I’m at the SHRM Talent Management Conference in Nashville this week. This morning I attended a session on improving employee retention by Linda Ginac at TalentGuard. Here are some thoughts on that topic…
Turnover is real
With average employee turnover by generation standing at 2 years (Millenials), 5 years (Gen X), and 7 years (Boomers), turnover is a real issue for organizations everywhere. According to a recent study, the average turnover in the US is 15% with just over 10% of that being voluntary/preventable.
So, what are you going to do about it?
[Related: Check out this employee retention video]
Each employee is more than their job title
How many in the room have had jobs other than HR?Â
Approximately 80% of the hands went up.
How many companies leverage that diverse experience?Â
Approximately 2% of the hands went up, and HR isn’t alone.
Organizations have people in roles with a variety of backgrounds, interests, and skill levels. I admit it’s very easy to see software engineer A as a copy of software engineer B. But what if software engineer B speaks Chinese, develops code in his off hours, and enjoys helping the business development manager when possible? If the organization continues to treat them the same, there will probably come a time where software engineer B is ready to move on, whether to another job internally or to a position with another organization.
[Related: Check out the free employee retention eBook]
Career development to the rescue
Employees = disengaged if they are not getting the career dev. attention/resources when they are ready to advance. #SHRMTalent
— Ben Eubanks (@beneubanks) April 28, 2014
The speaker made a great point about timing. If an employee gets as far as digging into the website and looking at the internal portal for information on how to advance their career, it’s safe to bet that they are becoming disengaged with their work. That’s why it’s critical for managers to be able to have career development discussions with their staff. This should happen regularly, but it should also be available for discussion at the employee’s request.
If you are a large organization with various types of operations, it is in your best interest to identify the solid performers and do what you can to keep them on board. If it means transferring them to another job that they want to do, then do it. Moving a talented performer around might cause some extra paperwork, but if the alternative is them leaving the organization for another employer, then you really donâ€™t have a choice, right?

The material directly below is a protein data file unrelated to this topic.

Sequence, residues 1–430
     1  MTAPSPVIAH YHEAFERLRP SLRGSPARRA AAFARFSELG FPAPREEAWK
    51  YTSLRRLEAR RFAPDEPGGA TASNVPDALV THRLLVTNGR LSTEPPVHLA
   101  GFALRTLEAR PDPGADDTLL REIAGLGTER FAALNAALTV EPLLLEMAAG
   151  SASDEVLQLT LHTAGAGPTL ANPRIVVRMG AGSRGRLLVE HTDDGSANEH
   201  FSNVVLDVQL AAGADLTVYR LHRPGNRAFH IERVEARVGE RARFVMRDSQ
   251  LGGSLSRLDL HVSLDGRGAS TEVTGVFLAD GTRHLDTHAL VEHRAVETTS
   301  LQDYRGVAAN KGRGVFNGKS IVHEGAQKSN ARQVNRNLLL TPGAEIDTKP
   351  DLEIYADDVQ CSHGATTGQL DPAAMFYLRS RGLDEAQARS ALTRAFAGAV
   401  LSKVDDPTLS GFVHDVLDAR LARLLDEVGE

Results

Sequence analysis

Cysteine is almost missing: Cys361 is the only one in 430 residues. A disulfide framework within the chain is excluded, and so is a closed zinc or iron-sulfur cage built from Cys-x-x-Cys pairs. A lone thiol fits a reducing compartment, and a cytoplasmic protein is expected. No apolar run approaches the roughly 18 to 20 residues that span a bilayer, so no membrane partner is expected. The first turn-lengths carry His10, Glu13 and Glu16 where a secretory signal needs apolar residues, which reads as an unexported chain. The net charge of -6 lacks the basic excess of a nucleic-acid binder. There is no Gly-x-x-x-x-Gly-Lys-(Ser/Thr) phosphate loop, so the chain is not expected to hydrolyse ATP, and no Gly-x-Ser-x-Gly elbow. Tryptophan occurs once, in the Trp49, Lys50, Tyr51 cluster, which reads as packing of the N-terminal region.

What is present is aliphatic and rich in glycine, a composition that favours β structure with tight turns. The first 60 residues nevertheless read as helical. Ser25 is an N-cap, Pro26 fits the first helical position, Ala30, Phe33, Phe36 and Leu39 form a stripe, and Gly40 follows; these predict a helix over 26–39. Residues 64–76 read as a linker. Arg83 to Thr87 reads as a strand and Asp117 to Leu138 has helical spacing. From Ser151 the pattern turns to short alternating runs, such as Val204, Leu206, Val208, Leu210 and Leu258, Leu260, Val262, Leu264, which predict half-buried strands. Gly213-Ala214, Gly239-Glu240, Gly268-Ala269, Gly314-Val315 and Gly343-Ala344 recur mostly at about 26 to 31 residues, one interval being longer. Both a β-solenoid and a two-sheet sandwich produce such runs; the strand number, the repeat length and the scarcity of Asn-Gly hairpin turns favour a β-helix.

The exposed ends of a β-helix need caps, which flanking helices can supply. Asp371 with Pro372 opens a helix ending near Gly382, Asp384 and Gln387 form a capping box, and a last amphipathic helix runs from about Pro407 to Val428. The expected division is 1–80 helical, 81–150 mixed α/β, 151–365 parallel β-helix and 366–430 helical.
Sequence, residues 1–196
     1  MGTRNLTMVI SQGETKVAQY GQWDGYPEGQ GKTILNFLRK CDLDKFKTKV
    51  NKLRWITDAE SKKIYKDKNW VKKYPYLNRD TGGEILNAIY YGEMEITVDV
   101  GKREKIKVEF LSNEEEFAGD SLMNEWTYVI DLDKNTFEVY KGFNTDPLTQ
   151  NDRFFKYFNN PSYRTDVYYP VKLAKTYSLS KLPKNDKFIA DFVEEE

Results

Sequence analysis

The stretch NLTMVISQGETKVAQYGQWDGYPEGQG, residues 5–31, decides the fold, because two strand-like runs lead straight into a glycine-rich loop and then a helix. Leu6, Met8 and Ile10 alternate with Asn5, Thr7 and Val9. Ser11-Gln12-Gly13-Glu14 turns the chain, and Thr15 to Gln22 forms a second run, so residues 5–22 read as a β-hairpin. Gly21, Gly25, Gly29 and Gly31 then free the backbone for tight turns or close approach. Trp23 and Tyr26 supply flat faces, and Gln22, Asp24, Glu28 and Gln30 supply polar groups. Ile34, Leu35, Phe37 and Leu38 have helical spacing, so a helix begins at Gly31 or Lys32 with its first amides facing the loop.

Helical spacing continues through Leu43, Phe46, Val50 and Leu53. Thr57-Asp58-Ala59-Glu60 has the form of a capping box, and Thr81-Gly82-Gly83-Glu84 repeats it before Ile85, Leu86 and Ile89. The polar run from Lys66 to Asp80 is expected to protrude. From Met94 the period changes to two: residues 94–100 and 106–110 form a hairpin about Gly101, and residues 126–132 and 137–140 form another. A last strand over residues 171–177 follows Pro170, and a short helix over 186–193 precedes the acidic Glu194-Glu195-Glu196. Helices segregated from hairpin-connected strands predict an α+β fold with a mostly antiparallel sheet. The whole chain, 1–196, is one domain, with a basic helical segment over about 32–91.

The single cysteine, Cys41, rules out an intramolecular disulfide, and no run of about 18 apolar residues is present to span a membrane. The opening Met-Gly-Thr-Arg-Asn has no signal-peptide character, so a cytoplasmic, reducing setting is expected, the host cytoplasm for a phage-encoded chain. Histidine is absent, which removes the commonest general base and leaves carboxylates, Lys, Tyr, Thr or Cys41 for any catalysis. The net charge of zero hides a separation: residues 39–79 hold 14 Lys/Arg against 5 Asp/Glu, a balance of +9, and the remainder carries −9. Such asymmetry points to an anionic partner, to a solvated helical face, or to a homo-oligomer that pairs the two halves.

Instead of looking at employees as resources to be hoarded, look at them as resources to be shared. Find other areas that they are interested in and look for ways to get them there. Look for their areas of strength and give them more opportunities to use them. You donâ€™t own the people, so donâ€™t try to hold them back from doing what they love.
The tools to make it happen
When it comes to features of an HRIS, many HR pros only look for a place to store their core HR data. Part of that is a holdover from the transactional HR mindset, but part of that is also due to the cost/complexity. Most small HR shops don’t have the manpower or support to manage large systems. The issue is that only allows them to track things like employee data, benefits, etc. It doesn’t go into the areas that are critical for tracking and assisting with career development: skills, qualifications, experience, training, education, work history, etc.
And if the system includes those, it can miss out on the employee-centric part of career development: career interests, work style, preferences, etc.
The important thing to remember here is that it’s not just a repository for information. It needs to be interactive, searchable, editable, and accessible. Static information doesn’t do much for anyone, especially in a discussion like career development that can be based on rapidly changing factors.
A new direction for careerÂ discussions
Consider offering a career dev option of stepping back into a less stressful/difficult role to help decelerate boomers. #shrmtalent
— Ben Eubanks (@beneubanks) April 28, 2014
Consider the thought of allowing senior level employees to step back in terms of stress and difficulty to help retain them. It might surprise you how many of your people who are considering retirement might actually prefer to stick around, albeit in a different role.
You don’t necessarily have to encourage it (usually encouraging older workers to step back is considered potentially illegal); however, if you have people who are serious about retiring, consider offering that option as an alternative to losing them altogether.
If you do it, promote it
So we know that career development works. But did you also realize you can use that to help improve retention for other employees and attract more candidates?Â If you’re going through the trouble of doing it, then you should share it as well.
Share the data! For example, “last year we had 50 employees take advantage of our career development opportunities.” Or “50% of our staff say they are regularly having development discussions with their managers.” That helps existing staff see how important the practice is, and it also allows candidates to decide beforehand if they want to join an organization that is upward mobility-oriented.
[Related: How Chipotle reduced turnover by 64%]